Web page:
The Americans take their competitions very seriously. This is only the fourth time the US has used such a process to procure an embassy – most recently for the embassy in Berlin, won in 1996 by Moore Ruble Yudell – and there has not been a competition of this scale or importance in the UK since the Scottish Parliament in 1998.

An intimidating jury – which includes two Brits, architecture patron Peter Palumbo and architect Richard Rogers – selected the winner. They, as well as the shortlisted architects, have spent considerable time on the riverfront site, sizing it up – the exhaustive specification brief that an embassy entails and the contextual demands laid down by London Mayor Boris Johnson demand it. But it is important to remember that the jury’s role was to select an architect, not a design.

Of the 37 applications to develop the Nine Elms site, nine were longlisted in January last year. In the following weeks, this was reduced to a shortlist of four: Morphosis Architects, Richard Meier & Partners, KieranTimberlake and Pei Cobb Freed & Partners. You can see the practices’ designs on the linked pages.

Each scheme is presented in stunning, extreme detail and supported by texts covering design strategies, energy and security plans, context and landscape. There appear to be two approaches. One is a consolidated single building at the centre of a landscaped site, as proposed by KieranTimberlake and Pei Cobb Freed. The other is a component-based scheme that at first glance gives an illusion of fracture, as seen in Richard Meier’s and Morphosis Architects’ proposals.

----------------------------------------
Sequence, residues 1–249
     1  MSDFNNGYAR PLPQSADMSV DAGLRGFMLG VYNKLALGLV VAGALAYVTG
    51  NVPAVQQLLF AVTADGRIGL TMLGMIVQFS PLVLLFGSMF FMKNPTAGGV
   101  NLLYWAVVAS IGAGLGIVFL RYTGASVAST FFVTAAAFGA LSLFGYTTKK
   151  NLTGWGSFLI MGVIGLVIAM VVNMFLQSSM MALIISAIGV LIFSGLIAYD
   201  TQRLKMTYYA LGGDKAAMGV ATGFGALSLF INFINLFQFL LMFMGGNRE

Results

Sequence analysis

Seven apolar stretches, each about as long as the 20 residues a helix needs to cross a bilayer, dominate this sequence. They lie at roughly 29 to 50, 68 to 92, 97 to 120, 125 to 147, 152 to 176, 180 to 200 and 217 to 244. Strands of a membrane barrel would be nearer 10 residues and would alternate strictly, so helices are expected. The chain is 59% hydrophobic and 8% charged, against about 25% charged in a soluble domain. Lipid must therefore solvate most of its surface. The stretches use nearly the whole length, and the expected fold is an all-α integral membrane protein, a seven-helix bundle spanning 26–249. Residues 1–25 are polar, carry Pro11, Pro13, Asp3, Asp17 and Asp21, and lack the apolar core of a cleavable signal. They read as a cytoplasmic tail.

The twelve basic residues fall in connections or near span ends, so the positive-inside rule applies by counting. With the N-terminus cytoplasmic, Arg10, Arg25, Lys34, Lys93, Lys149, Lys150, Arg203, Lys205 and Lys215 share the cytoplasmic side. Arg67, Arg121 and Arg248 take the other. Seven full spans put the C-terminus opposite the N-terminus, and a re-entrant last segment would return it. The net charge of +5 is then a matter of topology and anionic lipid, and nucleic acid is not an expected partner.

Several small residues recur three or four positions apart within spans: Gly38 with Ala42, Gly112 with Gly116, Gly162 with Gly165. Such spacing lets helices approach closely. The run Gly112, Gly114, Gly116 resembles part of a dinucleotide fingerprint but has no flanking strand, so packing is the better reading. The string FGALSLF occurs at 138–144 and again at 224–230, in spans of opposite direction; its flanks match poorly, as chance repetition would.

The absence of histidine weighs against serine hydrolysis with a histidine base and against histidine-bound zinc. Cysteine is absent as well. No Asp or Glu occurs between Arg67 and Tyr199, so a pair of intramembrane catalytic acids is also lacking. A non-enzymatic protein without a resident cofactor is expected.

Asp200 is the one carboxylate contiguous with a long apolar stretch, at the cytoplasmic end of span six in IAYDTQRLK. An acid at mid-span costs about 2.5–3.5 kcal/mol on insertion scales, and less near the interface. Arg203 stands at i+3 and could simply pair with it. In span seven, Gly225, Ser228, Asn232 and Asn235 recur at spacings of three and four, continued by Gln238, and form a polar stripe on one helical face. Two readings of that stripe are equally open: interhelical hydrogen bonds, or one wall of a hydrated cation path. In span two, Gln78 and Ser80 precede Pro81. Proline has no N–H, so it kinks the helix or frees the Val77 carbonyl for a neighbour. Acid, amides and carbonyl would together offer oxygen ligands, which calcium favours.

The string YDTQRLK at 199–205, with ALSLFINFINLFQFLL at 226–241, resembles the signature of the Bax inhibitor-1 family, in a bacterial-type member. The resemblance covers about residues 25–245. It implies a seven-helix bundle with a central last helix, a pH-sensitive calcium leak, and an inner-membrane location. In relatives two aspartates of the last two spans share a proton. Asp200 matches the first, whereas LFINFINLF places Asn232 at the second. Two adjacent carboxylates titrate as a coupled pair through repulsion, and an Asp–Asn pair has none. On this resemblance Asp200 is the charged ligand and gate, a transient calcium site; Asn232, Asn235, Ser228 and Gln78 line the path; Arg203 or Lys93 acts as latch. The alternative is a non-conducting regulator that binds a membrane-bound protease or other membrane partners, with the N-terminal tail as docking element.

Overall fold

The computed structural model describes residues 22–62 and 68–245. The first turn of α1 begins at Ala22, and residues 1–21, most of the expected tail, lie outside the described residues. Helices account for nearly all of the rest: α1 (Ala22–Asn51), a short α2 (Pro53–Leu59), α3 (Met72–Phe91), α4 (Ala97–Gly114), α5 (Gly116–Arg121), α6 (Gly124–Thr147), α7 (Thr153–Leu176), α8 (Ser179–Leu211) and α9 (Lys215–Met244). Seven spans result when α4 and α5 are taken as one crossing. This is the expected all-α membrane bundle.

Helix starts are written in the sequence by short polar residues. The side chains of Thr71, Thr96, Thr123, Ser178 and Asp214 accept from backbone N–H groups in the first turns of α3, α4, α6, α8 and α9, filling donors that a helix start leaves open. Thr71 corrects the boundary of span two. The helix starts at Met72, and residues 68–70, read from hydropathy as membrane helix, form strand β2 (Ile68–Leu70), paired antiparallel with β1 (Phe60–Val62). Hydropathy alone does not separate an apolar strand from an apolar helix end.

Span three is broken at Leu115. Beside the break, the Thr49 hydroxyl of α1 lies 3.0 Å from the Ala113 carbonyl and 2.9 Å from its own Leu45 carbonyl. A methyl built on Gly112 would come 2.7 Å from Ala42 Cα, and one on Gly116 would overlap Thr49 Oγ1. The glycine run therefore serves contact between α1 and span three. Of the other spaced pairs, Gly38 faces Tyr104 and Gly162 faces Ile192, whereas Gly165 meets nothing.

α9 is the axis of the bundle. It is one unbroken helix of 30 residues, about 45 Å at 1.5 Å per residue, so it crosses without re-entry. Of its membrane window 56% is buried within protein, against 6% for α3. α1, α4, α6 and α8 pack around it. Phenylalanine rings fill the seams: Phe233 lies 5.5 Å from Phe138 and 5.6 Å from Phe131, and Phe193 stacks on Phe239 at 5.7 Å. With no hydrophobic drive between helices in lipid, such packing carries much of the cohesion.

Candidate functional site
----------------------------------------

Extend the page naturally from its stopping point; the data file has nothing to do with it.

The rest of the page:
All four schemes play with the landscape, specifying gardens blooming with plantlife from both the Americas and the British Isles. KieranTimberlake goes further, placing a variety of gardens within the embassy building, some of which burst on to terraces.

More importantly, however, each of these buildings, in which new US ambassador Louis Susman and 800 staff will work, signals the future. How they combine workplace with leisure space, private landscape with public realm, energy-efficiency with attractive aesthetics, and security with reasonable access, will influence the future of corporate architecture, here in the UK and across the globe, for years to come.



October 2008
Ambassador Robert Tuttle announces a new embassy will be built in Nine Elms

November 2008
Design competition, exclusive to US firms, launched

January 2009
Longlist of nine drawn up from 37 applications:
• Richard Meier & Partners
• Morphosis Architects
• Gwathmey Siegel & Associates Architects
• Kallmann McKinnell & Wood Architects
• KieranTimberlake
• Pei Cobb Freed & Partners
• Perkins + Will

January 2009
Jury site visit

March 2009
Longlist reduced to shortlist of four firms:
• Richard Meier & Partners
• Morphosis Architects
• KieranTimberlake
• Pei Cobb Freed & Partners

April 2009
Outline planning application for US Embassy (by Zimmer Gunsul Frasca Architects) and detailed planning application for new road and access routes

September 2009
Wandsworth Council grants outline planning permission for new US Embassy

February 2010
Announcement of architect to design US Embassy

Construction period